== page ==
Fence posts, which are typically set in concrete, are constructed with permanence in mind, sometimes making removal challenging. Properly excavating the ground around the post in addition to creating adequate leverage for prying up the fence post helps increase the likelihood of successful removal. But sometimes, a post just won’t budge. In this case, you need to take additional approaches to post removal.
Loosening and removing the soil from around the concrete footing will help to ensure easy release of the fence post. Use a garden shovel to dig around the post, penetrating the ground to a depth equal to the footing. To start, remove a minimal amount of soil in order to prevent tearing up the ground too much. If the initial attempt to pry out the post fails, remove more dirt. Spraying the ground around the post with water also helps loosen the soil. You might saturate the ground over the course of a couple of days to sufficiently soften the soil. Keep in mind that excessive water can lead to a muddy mess when you start working on the post.
Either driving a nail — at least size 16d — partway into the post, screwing on L-brackets or screwing on a wood block about 1 foot up from where the post emerges from the footing creates points under which you can use a horizontal board as a lever to pry the post from the ground. Place one end of the board under the nail, bracket or block. Place a stack of concrete blocks under the board toward the middle to create a fulcrum. Push down the opposite end of the board so that the other end pushes up on the nail or bracket, consequently extruding the post and footing from the ground. For the lever, use a board that is sound and of an adequate thickness so it won’t snap while you’re maneuvering it. A 2×4 board is usually sufficient, however, a 4×4 board may be needed for more difficult to remove posts.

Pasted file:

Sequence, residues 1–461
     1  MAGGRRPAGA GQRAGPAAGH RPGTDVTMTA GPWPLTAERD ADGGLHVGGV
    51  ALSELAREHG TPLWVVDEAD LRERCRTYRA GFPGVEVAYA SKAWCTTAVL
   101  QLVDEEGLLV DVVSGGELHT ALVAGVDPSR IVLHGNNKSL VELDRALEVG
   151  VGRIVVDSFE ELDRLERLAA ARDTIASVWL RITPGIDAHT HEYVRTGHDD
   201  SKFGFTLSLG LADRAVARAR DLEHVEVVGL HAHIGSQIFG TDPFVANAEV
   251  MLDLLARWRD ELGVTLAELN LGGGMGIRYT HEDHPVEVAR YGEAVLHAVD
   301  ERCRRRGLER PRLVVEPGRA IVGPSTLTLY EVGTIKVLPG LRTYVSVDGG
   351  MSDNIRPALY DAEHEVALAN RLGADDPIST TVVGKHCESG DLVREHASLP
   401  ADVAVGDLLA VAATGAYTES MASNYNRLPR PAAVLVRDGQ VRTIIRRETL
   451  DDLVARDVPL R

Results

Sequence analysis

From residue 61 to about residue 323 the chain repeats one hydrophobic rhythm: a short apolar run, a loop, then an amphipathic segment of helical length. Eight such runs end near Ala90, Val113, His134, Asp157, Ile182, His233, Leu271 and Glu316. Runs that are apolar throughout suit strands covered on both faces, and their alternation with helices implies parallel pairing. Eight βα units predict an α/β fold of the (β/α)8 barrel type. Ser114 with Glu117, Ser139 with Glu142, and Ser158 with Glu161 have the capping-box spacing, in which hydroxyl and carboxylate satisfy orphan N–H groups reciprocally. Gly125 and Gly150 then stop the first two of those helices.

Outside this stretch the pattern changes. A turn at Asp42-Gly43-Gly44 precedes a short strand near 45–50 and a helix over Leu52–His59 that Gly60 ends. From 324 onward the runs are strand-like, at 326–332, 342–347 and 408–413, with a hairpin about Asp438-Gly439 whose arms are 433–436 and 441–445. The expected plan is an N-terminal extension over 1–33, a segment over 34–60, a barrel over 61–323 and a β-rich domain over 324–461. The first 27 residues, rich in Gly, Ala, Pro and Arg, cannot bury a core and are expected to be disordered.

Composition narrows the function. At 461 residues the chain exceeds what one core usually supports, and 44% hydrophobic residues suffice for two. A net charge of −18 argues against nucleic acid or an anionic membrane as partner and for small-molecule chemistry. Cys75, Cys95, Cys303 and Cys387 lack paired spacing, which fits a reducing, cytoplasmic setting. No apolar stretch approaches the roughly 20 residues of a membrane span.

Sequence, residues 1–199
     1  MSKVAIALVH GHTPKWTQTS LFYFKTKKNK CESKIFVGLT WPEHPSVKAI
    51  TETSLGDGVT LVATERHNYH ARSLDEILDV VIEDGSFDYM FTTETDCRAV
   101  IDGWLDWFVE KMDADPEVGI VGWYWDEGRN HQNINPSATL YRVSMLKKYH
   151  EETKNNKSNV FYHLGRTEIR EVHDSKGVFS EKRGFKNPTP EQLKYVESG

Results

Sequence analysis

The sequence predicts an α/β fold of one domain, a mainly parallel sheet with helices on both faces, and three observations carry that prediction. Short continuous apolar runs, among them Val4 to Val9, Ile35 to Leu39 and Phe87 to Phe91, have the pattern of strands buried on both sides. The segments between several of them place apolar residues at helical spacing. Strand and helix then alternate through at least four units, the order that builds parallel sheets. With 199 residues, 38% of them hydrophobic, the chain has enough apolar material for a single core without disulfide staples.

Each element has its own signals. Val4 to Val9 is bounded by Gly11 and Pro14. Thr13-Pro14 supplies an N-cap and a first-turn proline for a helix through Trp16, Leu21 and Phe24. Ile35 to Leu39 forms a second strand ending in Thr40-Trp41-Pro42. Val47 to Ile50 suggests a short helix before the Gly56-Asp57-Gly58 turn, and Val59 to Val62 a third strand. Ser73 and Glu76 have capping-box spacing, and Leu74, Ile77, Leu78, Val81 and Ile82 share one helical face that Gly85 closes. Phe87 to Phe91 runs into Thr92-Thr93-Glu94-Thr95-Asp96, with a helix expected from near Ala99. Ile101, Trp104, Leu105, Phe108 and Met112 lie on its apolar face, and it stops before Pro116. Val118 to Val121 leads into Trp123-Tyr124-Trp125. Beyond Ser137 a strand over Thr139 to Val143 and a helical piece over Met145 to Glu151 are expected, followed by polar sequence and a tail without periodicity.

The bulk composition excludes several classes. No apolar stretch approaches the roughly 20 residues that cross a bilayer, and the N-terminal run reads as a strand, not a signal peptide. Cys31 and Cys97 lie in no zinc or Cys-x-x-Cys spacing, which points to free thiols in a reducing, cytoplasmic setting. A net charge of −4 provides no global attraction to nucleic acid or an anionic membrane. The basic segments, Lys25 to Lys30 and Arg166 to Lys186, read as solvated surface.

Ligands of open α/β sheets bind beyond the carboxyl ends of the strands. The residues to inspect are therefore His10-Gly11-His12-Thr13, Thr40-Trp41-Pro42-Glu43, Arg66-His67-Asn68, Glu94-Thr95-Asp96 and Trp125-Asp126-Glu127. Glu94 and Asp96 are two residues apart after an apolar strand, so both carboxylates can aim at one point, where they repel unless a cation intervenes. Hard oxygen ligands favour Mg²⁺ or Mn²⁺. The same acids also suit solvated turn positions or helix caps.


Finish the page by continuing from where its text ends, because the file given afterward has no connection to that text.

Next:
If you are unable to remove the fence post, you can take additional measures. A hydraulic jack, a hi-lift jack or another, similar jack, can be used to lift the leverage boards. You can also connect a chain from the post to the back of a pickup truck and drive the post out of the ground. If the post is rotting, be careful, as too much pressure can easily cause it to break off at the footing. Another option is to break up the concrete footer into smaller chunks. In this case, use a sledgehammer, a jackhammer or a hammer drill with a masonry bit.